Companies navigate in an ever-changing landscape today. To succeed and ensure the company is still around tomorrow, they have to attract creative and highly motivated employees who come up with innovative new products and services. And, they need to build a corporate culture that supports a behaviour that was regarded as corporate “disobedience” not too many years ago.
Lack of human capital
There is a lack of people with certain backgrounds who are essential for building tomorrow´s digital driven products and services – such as developers, data analysts, growth hackers, etc. At the same time, employees who work in business units often lack the digital insight needed to come up with digitally oriented ideas. This combination results in a lack of the human capital needed to build the companies of tomorrow.
When we face a reality where there is a scarcity of human capital, a new approach is needed. Investors, boards and managers need to remember this when doing organizational planning and especially when designing the employee compensation schemes, I believe.
Young people want ownership
Millennials are well into their careers, and they treasure other values than Generation X and especially the Baby Boomer Generation. They are okay with blending their private and professional lives, they thrive in smaller environments and crave to work at smaller startups and take a fundamental part of contributing to building something new.
It seems young people are looking for more direct ownership to what they spend most of their awakening time on. And, they do not seem comfortable with the notion of “feeding” some unknown hidden investor base with what they work so hard on. Even TV ads use this analogy these days, over here in Norway.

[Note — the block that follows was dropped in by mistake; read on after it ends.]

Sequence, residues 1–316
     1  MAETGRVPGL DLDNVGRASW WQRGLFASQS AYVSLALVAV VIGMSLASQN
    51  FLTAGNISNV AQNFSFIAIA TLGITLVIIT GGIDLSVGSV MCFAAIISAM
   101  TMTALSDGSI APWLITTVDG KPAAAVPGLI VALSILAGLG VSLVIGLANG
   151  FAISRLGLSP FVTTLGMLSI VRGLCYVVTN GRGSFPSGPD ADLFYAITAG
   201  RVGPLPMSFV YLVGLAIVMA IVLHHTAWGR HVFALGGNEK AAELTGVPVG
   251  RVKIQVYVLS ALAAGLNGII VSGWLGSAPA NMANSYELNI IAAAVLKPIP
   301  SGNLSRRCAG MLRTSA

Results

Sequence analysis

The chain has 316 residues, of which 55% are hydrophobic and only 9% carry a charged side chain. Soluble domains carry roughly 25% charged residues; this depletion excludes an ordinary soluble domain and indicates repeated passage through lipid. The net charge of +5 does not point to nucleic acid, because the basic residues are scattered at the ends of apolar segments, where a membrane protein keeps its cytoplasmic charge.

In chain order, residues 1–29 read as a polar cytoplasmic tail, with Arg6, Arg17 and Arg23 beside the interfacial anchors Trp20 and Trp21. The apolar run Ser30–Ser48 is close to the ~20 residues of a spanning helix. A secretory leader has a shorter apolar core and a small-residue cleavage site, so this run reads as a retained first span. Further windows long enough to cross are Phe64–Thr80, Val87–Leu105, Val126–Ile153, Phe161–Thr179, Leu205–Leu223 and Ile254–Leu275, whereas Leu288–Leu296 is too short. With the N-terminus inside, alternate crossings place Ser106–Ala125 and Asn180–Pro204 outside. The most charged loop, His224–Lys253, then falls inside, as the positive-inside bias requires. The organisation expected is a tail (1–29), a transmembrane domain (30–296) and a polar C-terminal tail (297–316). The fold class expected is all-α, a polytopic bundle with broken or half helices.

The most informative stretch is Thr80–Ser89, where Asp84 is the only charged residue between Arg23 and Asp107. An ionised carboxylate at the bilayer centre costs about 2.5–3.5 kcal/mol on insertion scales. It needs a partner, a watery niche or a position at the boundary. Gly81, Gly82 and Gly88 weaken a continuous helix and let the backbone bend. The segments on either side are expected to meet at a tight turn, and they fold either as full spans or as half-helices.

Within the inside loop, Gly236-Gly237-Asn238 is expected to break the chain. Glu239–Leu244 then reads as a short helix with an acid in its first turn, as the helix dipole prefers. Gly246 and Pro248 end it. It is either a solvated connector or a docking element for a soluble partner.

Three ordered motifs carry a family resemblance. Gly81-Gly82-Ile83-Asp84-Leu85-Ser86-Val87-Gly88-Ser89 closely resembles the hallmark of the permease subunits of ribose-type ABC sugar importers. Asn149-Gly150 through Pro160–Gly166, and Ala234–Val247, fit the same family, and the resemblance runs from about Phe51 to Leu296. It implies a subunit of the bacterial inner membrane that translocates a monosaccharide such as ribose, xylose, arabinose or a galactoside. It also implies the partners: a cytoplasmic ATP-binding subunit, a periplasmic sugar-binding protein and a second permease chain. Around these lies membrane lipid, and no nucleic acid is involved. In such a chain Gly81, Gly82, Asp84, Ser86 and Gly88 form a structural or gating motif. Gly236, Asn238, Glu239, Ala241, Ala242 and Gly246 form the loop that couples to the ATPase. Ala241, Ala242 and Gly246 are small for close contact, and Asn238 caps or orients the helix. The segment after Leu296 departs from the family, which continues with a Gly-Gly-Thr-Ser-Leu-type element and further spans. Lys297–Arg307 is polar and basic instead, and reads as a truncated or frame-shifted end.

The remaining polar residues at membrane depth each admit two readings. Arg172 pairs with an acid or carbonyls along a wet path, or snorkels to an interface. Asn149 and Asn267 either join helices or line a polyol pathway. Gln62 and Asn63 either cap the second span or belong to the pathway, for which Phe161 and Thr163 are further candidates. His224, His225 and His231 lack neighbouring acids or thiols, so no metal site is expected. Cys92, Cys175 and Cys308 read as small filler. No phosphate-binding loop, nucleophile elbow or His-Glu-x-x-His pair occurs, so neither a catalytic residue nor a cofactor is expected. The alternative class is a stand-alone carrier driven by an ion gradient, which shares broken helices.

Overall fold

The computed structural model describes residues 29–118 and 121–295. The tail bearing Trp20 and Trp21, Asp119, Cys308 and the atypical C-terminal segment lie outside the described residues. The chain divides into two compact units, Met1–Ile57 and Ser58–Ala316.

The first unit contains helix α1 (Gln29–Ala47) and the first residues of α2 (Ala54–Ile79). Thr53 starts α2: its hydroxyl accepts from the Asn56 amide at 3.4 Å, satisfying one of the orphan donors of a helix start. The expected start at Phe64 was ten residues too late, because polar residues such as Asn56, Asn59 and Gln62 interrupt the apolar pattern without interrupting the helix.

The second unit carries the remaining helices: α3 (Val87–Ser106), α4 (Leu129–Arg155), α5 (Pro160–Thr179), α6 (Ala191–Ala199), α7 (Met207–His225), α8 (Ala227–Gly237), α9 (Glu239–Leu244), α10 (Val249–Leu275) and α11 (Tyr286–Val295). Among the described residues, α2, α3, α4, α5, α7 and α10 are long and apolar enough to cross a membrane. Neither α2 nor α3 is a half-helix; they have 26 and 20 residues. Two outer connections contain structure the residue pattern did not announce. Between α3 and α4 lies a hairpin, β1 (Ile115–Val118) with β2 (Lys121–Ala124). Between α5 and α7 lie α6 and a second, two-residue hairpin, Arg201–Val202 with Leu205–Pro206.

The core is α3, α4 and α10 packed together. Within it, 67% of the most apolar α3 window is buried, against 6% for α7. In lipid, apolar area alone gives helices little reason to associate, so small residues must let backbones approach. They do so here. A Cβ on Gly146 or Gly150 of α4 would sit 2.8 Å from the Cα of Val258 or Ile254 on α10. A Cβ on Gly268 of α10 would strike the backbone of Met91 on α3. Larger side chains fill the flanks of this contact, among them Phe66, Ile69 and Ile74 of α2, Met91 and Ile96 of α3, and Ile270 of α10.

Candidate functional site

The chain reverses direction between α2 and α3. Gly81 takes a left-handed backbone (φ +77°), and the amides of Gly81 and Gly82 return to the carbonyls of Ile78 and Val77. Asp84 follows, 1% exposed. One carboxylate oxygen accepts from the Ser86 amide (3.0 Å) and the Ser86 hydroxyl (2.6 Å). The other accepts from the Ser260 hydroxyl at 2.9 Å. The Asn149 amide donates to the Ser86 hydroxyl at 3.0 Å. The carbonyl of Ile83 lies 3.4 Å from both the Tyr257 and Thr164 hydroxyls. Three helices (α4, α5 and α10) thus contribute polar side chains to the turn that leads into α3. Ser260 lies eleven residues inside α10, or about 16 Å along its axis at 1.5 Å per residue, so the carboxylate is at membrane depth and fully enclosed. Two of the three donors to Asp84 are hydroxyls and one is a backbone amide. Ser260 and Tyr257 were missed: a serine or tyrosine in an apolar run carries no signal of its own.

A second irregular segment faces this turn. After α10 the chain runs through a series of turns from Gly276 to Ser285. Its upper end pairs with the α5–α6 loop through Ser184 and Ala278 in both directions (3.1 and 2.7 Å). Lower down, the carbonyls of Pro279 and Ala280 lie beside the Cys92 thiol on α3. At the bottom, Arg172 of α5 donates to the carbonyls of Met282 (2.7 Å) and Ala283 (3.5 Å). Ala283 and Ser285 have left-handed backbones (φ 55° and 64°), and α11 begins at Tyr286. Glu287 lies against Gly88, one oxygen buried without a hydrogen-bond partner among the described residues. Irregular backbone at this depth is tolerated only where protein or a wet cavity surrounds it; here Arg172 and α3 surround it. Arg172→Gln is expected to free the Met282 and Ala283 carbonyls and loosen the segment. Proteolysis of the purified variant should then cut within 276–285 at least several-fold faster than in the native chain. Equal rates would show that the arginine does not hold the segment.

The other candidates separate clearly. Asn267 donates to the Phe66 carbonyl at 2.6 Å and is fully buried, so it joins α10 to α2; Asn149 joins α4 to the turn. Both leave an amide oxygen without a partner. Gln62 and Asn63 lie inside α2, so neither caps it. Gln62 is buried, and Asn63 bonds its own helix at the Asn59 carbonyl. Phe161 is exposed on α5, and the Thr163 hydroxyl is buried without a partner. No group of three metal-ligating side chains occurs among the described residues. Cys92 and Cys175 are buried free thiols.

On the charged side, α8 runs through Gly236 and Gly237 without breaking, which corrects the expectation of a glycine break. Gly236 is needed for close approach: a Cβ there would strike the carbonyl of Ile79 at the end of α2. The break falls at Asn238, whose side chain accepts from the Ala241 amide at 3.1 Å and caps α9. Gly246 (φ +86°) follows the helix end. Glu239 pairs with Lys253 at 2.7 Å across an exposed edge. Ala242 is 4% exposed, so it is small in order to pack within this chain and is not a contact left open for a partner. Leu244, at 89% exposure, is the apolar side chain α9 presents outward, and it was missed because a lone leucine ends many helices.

Working with someone as opposed to for someone
I have always been very passionate about my job, and never afraid of putting in the extra effort. In 2004, I decided I wanted ownership to the products, services and companies that were created based on the work I put in.
Luckily I found a high growth tech company, where I got a middle management role and an option scheme that came with it. The devotion I gave the company was tightly knit to the fact that I was not only an employee, but also a shareholder. The difference is that I didn´t see it as I worked for a company, but rather that I worked with a company.
This made a huge difference for me – and the whole approach I had to my job changed fundamentally. I went from being an employee to becoming a company builder.
Human capital is scarce – financial capital is not
“Culture eats strategy for breakfast” is a well known phrase in business. And, building a corporate culture positioned for success means different things today than it did before- most will agree with this, and are doing fundamental changes about it.
However, I have not yet registered fundamental changes in employee compensation schemes change towards an opening for more employee ownership in larger organizations.
I have no doubt in my mind that a culture of employees who have a direct ownership to what they create, is different and ultimately stronger, than one without direct employee ownership.
With corporate innovation happening everywhere these days, and a lot of big business putting a lot of effort to excel at it, I think it is only a matter of time before employees who work at everything from smaller startups to larger corporations, expect to get ownership to what they create.
The companies that will be here tomorrow, are the ones that not only give employees freedom to innovate, but also give them ownership to what they create.
It´s about time to support the fact that these days human capital is scarce, financial capital is not.